People with heart disease and other chronic conditions are usually prescribed one or more medications. But most take them only about half the time. Each year, this high rate of “nonadherence” leads to an estimated 125,000 deaths in the United States and costs the health care system between $100 billion and $300 billion.
The February 2012 issue of the Harvard Heart Letter looks at this huge problem and offers practical tips to help people take the medications they need.
Cost is one barrier, of course, but so are complicated dosing regimens, hassles getting prescriptions filled, and side effects. The February Heart Letter offers some ideas for getting beyond the barriers:
Cost. When you get a new prescription, check with your health plan to make sure it’s the lowest-cost option available. If not, talk with your doctor. Also, take advantage of free medication programs sponsored by pharmaceutical companies and the discount plans at large retailers and pharmacies.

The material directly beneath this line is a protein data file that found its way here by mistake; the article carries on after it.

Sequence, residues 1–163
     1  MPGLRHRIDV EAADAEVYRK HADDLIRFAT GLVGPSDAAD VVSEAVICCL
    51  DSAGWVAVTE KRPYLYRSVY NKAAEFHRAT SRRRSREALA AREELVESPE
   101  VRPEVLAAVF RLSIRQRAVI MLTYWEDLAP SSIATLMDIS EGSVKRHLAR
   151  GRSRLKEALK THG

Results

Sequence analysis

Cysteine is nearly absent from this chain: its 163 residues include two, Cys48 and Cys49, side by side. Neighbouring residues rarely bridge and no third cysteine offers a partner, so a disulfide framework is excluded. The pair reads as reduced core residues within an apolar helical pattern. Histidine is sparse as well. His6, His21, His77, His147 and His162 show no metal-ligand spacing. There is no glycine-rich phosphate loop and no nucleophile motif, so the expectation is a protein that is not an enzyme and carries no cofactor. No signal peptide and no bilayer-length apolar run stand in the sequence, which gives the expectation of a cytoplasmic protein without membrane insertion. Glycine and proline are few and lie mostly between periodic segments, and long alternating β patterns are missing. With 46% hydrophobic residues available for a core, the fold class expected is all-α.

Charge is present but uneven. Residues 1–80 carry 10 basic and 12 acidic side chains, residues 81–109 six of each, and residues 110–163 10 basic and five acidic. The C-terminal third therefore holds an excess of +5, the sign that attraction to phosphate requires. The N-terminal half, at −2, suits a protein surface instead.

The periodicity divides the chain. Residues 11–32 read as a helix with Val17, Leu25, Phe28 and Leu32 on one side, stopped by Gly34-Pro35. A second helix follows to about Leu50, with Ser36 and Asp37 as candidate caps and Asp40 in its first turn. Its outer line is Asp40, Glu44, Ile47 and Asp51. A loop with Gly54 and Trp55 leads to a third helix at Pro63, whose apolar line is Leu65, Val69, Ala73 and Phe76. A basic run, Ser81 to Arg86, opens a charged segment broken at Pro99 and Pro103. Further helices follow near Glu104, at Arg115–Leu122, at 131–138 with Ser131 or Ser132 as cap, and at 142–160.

Complexity. If you take several medications with different dosing schedules, talk with your doctor about how to streamline your medication regimen. Also, recent studies have shown that using mail-order pharmacies can improve medication adherence, presumably through convenience and cost advantages.
Side effects. Heart medications come with non-life-threatening but bothersome side effects, including fatigue, nausea, coughing, and muscle pain. Both doctors and pharmacists can offer effective strategies to ease side effects, but only if you talk with them about it.
The February Heart Letter feature on medication adherence also includes useful tips for establishing personalized memory aids for tracking which medications to take and when.
Read the full-length article: "Medications help the heart — if you take them"